codemonkey

extends Human with Blog

Formatted Localized Dates in Playframework 2

A question I see popup every now and then on the play mailing list is how to format dates in play framework templates. A lot of people seem to find it hard to understand why their dates are not formatted according to the locale they expect, sometimes they expect their native language to be automagically selected, some times the browser locale.

So, to ease the confusion, a small guide to formatting dates in play framework.

The built in Java date class

The java.util.Date API has a separate set of interfaces and classes for formatting, living in java.text. The most commonly used is the SimpleDateFormat, which can be created with either just a date format pattern or a pattern and a locale. (javadoc here)

The locale is important. If you do not provide one the “default” one will be used, what the default is will depend on the locale of the system you run your application on. So if you develop on a computer which you have set to your home language it will show month names in your language, but when you deploy to your server where the locale most probably is en_us you will get english month names.

So, to cut to the chase, this has got nothing special to do with play framework it is a property of the java date formatting API:s - you must provide a locale for the date format to be sure to get consistently formatted dates.

An additional problematic thing about the SimpleDateFormats is that instances are not thread safe, so using them in a server context, you must make sure you do not share instances accross requests or you will get unexpected results.

A good way to do this is to provide a helper template like this, for hardcoding locale to always be swedish, regardless of browser and server locales:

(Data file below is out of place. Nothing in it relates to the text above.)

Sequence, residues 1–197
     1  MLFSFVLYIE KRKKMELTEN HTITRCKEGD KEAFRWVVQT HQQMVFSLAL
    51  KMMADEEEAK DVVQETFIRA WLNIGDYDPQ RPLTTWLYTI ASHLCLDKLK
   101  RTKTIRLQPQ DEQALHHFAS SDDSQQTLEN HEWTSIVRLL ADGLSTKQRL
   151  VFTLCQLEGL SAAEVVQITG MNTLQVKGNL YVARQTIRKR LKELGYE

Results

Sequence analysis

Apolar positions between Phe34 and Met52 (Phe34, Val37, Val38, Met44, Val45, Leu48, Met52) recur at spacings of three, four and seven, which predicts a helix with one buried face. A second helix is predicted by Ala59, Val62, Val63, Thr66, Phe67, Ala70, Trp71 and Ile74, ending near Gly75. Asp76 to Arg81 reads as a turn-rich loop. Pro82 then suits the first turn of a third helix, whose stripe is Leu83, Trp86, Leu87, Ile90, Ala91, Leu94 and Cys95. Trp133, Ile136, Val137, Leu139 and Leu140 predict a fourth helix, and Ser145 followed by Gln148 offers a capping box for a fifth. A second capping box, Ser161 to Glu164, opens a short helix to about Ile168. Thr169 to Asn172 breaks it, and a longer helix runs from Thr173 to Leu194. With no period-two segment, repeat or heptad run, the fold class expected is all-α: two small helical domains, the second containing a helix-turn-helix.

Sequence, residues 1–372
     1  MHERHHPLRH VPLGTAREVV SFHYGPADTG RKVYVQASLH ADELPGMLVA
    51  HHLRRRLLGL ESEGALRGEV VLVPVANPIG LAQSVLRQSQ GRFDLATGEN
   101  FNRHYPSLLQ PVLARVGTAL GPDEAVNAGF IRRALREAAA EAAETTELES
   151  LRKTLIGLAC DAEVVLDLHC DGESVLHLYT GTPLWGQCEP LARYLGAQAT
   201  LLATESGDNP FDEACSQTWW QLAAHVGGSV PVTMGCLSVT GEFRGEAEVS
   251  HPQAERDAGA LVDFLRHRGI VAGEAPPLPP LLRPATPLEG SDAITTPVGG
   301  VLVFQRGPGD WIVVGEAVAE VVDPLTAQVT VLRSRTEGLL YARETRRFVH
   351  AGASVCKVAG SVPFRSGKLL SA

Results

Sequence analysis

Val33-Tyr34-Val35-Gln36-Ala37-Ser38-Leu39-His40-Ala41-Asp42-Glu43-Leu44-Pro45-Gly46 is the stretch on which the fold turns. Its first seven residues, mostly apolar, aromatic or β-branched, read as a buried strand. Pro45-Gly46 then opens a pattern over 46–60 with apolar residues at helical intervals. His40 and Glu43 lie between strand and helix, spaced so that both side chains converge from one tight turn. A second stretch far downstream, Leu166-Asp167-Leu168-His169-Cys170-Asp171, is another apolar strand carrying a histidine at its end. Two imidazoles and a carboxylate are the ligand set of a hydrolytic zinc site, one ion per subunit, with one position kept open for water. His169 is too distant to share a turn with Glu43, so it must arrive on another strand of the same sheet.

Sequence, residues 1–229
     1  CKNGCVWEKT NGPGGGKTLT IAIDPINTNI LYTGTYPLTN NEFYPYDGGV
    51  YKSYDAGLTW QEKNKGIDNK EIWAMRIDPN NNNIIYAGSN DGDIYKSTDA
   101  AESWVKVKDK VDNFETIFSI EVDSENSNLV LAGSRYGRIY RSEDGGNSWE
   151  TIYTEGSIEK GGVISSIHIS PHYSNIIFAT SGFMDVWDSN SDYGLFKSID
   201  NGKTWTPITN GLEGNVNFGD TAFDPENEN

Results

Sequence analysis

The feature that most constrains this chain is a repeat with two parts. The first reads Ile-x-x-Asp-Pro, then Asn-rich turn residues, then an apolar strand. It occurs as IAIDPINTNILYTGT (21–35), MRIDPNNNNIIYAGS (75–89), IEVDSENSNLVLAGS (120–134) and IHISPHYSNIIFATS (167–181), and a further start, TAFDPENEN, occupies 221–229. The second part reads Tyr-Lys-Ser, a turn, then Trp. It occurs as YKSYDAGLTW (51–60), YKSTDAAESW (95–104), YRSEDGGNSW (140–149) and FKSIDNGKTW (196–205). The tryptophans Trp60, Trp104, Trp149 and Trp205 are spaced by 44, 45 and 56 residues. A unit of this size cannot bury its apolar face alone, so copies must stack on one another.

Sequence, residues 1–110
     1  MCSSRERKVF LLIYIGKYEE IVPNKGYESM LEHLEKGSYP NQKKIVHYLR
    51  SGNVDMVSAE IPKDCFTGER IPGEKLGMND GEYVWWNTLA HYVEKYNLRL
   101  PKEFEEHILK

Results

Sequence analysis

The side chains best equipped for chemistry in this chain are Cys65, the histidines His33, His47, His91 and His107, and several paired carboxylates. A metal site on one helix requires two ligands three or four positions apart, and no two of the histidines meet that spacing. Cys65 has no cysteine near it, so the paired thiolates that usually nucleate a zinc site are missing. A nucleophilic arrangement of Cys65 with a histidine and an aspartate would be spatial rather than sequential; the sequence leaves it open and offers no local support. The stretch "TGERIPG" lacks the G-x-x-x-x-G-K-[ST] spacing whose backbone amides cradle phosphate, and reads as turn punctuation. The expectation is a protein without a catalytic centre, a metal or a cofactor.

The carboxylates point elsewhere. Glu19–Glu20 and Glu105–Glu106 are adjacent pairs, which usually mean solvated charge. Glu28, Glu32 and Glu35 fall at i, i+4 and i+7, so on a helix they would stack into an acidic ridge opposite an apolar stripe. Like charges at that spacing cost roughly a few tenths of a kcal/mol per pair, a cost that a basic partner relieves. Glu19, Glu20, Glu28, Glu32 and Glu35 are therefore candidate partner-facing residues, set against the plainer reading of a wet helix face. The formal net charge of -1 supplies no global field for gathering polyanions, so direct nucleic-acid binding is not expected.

Harcoded locale

formatDate.scala.html

1
2
3
4
@(date: java.util.Date)
@import java.text.SimpleDateFormat
@import java.util.Locale
@(new SimpleDateFormat("yyyy-MMM-dd", new Locale("sv", "SE")).format(date))

Locale from request

Often you actually want the format to follow the locale of the visiting browser, and you probably do not know every date format on earth, luckily this is built into the java date formatting api. The locale of the visiting browser can be accessed from the request

formatDate2.scala.html

1
2
3
@(date: java.util.Date)(implicit lang: play.api.i18n.Lang)
@import java.text.DateFormat
@DateFormat.getDateInstance(DateFormat.SHORT, lang.toLocale).format(date)

Joda Time

I you are using joda time for dates you have a whole set of formatting options, a separate date format API that you can find under org.joda.time.format._ (javadoc here)

You also have a shortcut living on the actual date and time representations so that you can call .format("pattern", locale) on a date. Using that you could create a helper much like the examples above.

Hardcoded locale

formatjodaDate.scala.html

1
2
3
@(date: org.joda.DateTime)
@import java.util.Locale
@date.format("yyyy-MMM-dd", new Locale("sv", "SE"))

Locale from request

Again we need the implicit import to get the requested locale.

formatjodaDate2.scala.html

1
2
@(date: org.joda.DateTime)(implicit lang: play.api.i18n.Lang)
@date.format("yyyy-MMM-dd", lang.toLocale)

Using the templates above in a regular template would then look like this, note the implicit request that is needed for the two date formats that uses the Lang from the request to get its hands on it:

myBigDateTemplate.scala.html

1
2
3
4
5
6
@(date: java.util.Date, jodate: org.joda.DateTime)(implicit request: Request)

@formatDate(date)
@formatDate2(date)
@formatjodaDate(jodate)
@formatjodaDate2(jodate)